Do you hear about PoE switch?
We know that some of small network devices can be powered by ethernet, that is, we say PoE. PoE switches are the equipment which can power small network device. Now there are not only PoE and PoE+, but also UPoE.
What are their differences?
Power over Ethernet or PoE describes any of several standardized or ad-hoc systems which pass electric power along with data on twisted pair Ethernet cabling. This allows a single cable to provide both data connection and electric power to devices such as wireless access points, IP cameras, and VoIP phones. Its maximum power delivered by PSE is 15.4W.
What’s new in PoE+? That is, the maximum power delivered by PSE of PoE+ is 30W.
How about UPoE?
In 2014, Cisco created another non-standard PoE implementation called Universal Power over Ethernet (UPOE). We also call it PoE++. Its maximum power is 60W.
Cisco Universal Power Over Ethernet (UPOE) extends the IEEE Power over Ethernet Plus (PoE+) standard to double the power per port to 60 watts. It can extend resilient network power to a broad range of devices, including virtual desktop terminals, IP turrets, compact switches, building management gateways, LED lights, wireless access points, and IP phones.
In the newest Cisco Catalyst 9000 series switches family, there are Catalyst 9300 and 9400 can support UPoE while Catalyst 9200 only support PoE+.
See the datasheet:
Cisco Catalyst 9300 Switch Datasheet.pdf
Cisco Catalyst 9400 Switch Datasheet.pdf
Cisco Catalyst 9200 Switch Datasheet.pdf
Comparison of PoE, PoE+ and UPoE (PoE++)
Table 1. Comparison of PoE, PoE+ and UPoE.
|Power available at PD||12.95 W||25.50 W||51W|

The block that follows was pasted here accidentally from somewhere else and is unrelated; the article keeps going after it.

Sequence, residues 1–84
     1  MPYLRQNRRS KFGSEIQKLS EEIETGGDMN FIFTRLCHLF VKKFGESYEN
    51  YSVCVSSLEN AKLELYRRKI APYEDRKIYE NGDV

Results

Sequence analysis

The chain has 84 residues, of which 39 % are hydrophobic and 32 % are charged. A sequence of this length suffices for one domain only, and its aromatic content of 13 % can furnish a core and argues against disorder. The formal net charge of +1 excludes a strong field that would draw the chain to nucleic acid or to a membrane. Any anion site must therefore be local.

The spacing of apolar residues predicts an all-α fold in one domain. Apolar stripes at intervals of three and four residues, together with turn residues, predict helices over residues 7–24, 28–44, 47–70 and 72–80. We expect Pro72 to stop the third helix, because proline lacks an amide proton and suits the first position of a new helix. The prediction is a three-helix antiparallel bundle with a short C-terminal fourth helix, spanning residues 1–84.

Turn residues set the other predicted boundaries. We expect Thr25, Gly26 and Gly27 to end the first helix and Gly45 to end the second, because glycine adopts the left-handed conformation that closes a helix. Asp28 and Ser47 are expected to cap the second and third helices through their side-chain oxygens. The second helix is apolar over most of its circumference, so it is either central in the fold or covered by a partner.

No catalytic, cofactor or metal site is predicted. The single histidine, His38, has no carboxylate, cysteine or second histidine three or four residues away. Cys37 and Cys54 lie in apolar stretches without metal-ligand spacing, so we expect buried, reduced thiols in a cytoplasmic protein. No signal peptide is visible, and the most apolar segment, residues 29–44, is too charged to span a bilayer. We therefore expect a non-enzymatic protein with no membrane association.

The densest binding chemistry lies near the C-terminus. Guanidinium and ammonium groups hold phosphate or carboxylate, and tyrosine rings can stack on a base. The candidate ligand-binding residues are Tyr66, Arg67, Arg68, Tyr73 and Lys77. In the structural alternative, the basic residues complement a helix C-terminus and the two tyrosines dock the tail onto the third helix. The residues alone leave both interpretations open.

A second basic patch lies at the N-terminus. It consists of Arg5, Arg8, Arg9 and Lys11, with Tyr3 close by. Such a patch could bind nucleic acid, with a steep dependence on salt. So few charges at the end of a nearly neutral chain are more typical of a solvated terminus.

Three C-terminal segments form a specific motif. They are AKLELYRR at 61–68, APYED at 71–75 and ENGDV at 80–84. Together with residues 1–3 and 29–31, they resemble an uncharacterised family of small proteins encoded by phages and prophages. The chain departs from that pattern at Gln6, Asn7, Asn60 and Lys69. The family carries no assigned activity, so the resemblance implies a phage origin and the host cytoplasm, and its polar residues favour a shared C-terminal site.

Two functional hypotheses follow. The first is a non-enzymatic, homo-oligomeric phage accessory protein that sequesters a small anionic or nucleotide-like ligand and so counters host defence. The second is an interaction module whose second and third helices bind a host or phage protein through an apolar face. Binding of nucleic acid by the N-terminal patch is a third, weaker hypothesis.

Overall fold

|Maximum power delivered by PSE||15.40 W||30.0 W||60W|
|Minimum cable type||Category 3||Category 5||Category 5|
Besides, there are other Comparison of PoE parameters.
Table 2. Comparison of PoE parameters.
|Property||802.3af (802.3at Type 1) “PoE”||802.3at Type 2 “PoE+”||802.3bt Type 3 “4PPoE”||802.3bt Type 4|
|Power available at PD||12.95 W||25.50 W||51 W||71 W|
|Maximum power delivered by PSE||15.40 W||30.0 W||60 W||100 W|
|Voltage range (at PSE)||44.0–57.0 V||50.0–57.0 V||50.0–57.0 V||52.0–57.0 V|
|Voltage range (at PD)||37.0–57.0 V||42.5–57.0 V||42.5–57.0 V||41.1–57.0 V|
|Maximum current Imax||350 mA||600 mA||600 mA per pair||960 mA per pair|
|Maximum cable resistance per pairset||20 Ω (Category 3)||12.5 Ω (Category 5)||12.5 Ω||12.5 Ω|
|Power management||Three power class levels (1-3) negotiated by signature||Four power class level (1-4) negotiated by signature or 0.1 W steps negotiated by LLDP||Six power class levels (1-6) negotiated by signature or 0.1 W steps negotiated by LLDP||Eight power class levels (1-8) negotiated by signature or 0.1 W steps negotiated by LLDP|
|Derating of maximum cable ambient operating temperature||None||5 °C (9 °F) with one mode (two pairs) active||10 °C (20 °F) with more than half of bundled cables pairs at Imax||10 °C (20 °F) with temperature planning required|
|Supported cabling||Category 3 and Category 5||Category 5||Category 5||Category 5|
|Supported modes||Mode A (endspan), Mode B (midspan)||Mode A, mode B||Mode A, mode B, 4-pair mode||4-pair mode|
(Info: Power over Ethernet – Wikipedia)
If you have any different idea about PoE, please leave your comments.
What is PoE? What is PoE+? PoE vs. PoE+